Still, 1,300 resident deaths in one month is too high, according to R. Tamara Konetzka, a professor of public health sciences at the University of Chicago. “While the risk [of COVID-19] may always be higher in winter, we shouldn’t consider more than a thousand nursing home deaths per month a new normal,” she says. “We have tools to bring that number down.” ​​ ​​

Calls for more action ​​ ​​

Nursing home experts and resident advocates are calling for more effort to help protect the nursing home population. “Unfortunately, much of the policy focus on nursing homes that emerged at the beginning of the pandemic has waned,” says Konetzka. “In a desire to move on and declare the pandemic over, we are leaving nursing home residents vulnerable.” ​​

​​The federal government contracted with CVS, Walgreens and some other pharmacies to conduct on-site vaccine clinics at most of the nation’s nursing homes in late 2020 and early 2021, and the efforts proved successful in getting residents their primary series of COVID-19 shots quickly. A federal mandate requiring almost all workers of nursing homes participating in Medicare and/or Medicaid to be vaccinated with a primary series, effective as of early 2022, also greatly helped staff uptake. Both the resident and staff vaccination rates reached almost 90 percent, with many states well above that rate, according to AARP’s analyses. ​​ ​​

But no campaign of this scale has been in place for subsequent shots. Also, no part of the federal vaccine mandate requires workers to stay up to date with vaccinations. While some states have issued their own booster mandates for workers, or have helped coordinate administration clinics, the majority haven’t, leaving facilities to work it out on their own. Many operators have reported battling high rates of vaccine hesitancy, a lack of awareness or confusion around the bivalent boosters, a lack of staff to administer the shots, plus pandemic fatigue among their communities. ​​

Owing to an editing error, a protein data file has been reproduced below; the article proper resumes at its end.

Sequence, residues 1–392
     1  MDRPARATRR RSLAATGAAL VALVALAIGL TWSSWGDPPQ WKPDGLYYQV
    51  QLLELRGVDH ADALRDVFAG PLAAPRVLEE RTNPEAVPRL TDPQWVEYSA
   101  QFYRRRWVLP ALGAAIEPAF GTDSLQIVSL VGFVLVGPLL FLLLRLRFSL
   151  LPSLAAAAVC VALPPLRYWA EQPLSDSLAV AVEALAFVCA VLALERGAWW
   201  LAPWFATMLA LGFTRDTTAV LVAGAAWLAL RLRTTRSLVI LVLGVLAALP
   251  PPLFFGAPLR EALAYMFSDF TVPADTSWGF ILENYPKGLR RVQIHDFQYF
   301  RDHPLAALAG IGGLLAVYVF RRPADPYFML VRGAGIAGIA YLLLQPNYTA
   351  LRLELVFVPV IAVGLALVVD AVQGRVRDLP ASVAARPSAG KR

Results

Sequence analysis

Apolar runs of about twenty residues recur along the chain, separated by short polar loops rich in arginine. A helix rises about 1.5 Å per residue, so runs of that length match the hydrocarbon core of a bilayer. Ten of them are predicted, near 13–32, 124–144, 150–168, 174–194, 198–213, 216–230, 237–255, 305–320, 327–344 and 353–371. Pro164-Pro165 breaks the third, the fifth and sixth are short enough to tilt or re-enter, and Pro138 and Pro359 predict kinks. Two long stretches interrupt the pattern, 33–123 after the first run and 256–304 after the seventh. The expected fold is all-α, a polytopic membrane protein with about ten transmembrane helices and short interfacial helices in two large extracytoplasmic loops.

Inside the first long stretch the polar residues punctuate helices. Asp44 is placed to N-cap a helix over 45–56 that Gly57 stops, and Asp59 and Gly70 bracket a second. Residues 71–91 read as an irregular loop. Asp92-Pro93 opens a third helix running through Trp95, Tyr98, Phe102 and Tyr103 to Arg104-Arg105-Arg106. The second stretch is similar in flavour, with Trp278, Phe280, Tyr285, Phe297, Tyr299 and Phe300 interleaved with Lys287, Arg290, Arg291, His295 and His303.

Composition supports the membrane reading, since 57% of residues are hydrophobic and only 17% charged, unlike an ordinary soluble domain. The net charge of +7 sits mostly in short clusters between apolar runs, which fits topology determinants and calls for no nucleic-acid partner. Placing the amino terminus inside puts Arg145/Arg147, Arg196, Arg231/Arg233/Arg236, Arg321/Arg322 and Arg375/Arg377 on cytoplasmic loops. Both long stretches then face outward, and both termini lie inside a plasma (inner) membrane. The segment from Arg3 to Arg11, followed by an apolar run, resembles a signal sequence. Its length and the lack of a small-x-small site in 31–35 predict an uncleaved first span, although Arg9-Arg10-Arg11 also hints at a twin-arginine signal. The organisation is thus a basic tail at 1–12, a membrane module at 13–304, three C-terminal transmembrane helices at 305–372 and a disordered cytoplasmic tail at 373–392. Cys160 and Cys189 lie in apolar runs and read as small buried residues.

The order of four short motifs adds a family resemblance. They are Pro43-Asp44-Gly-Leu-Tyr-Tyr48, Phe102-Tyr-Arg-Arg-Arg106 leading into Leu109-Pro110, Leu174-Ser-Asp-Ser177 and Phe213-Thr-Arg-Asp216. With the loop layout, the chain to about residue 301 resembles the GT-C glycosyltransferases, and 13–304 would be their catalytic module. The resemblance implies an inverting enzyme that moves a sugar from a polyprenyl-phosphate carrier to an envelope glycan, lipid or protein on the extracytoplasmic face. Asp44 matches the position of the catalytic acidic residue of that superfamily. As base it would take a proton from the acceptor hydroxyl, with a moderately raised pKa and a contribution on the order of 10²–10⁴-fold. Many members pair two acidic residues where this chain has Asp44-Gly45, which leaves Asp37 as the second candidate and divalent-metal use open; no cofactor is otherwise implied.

​​In late December, AARP wrote to the Centers for Medicare & Medicaid Services (CMS), which regulates the country’s 15,000-plus nursing homes who participate in Medicare and/or Medicaid, urging “more action” to increase up-to-date vaccination rates. The letter called out the agency for weakening the enforcement of its COVID-19 staff vaccination requirements and asked for heightened consequences for noncompliance. It also urged increased education on the shots and proactive outreach to nursing homes with low up-to-date rates to establish on-site vaccination clinics. ​​ ​​

CMS said in early January that on-site vaccination clinics for residents and staff were being conducted across the country and that the agency and its partners were continuing to reach out to nursing homes to offer assistance, education and support. ​​ ​​

“We really hope you will take these groups up on these offers,” said CMS Administrator Chiquita Brooks-LaSure during a call with nursing homes stakeholders. “Getting the updated vaccine is the most important tool that we have to prevent serious illness, hospitalization and death from COVID-19. And nursing home residents, who are often particularly susceptible to severe outcomes from the virus, deserve the highest level of protection that we can offer.” ​​ ​​

More than 180,000 nursing home residents and workers have died from COVID-19 during the pandemic, which accounts for roughly a sixth of the country’s entire COVID-19 death toll. ​​ ​​

AARP’s analysis, conducted by the AARP Public Policy Institute and the Scripps Gerontology Center at Miami University in Ohio, draws primarily on data from the Nursing Home COVID-19 Public File by the Centers for Medicare & Medicaid Services. Most nursing homes are federally certified and required to submit data to the government each week. ​​ ​​

The ongoing analysis captures data only from nursing homes participating in Medicare and/or Medicaid, not from all long-term care facilities — such as assisted living, independent living, memory care and others — as some other tallies do. An updated analysis will be released next month as new federal data becomes available. Read more about the analysis.

Discover AARP Members Only Access

Join AARP to Continue

Already a Member?